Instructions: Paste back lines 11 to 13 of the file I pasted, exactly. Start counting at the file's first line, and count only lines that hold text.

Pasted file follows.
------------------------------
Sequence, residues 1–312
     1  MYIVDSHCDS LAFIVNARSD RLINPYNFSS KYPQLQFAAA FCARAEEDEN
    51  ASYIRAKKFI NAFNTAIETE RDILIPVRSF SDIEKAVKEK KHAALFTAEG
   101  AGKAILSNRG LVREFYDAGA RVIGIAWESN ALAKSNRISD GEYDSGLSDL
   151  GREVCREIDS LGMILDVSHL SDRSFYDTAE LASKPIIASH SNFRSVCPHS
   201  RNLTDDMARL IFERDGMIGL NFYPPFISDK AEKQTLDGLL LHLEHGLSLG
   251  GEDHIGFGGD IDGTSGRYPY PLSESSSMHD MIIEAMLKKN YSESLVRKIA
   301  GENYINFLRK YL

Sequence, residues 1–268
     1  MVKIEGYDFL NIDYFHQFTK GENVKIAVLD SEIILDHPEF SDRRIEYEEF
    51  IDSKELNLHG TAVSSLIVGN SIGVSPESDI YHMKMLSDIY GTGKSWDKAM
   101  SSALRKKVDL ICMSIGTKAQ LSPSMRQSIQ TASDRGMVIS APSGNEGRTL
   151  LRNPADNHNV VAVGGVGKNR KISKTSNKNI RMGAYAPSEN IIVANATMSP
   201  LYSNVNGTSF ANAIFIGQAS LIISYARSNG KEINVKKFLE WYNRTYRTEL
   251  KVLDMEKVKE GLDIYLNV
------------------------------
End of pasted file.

    51  IDSKELNLHG TAVSSLIVGN SIGVSPESDI YHMKMLSDIY GTGKSWDKAM
   101  SSALRKKVDL ICMSIGTKAQ LSPSMRQSIQ TASDRGMVIS APSGNEGRTL
   151  LRNPADNHNV VAVGGVGKNR KISKTSNKNI RMGAYAPSEN IIVANATMSP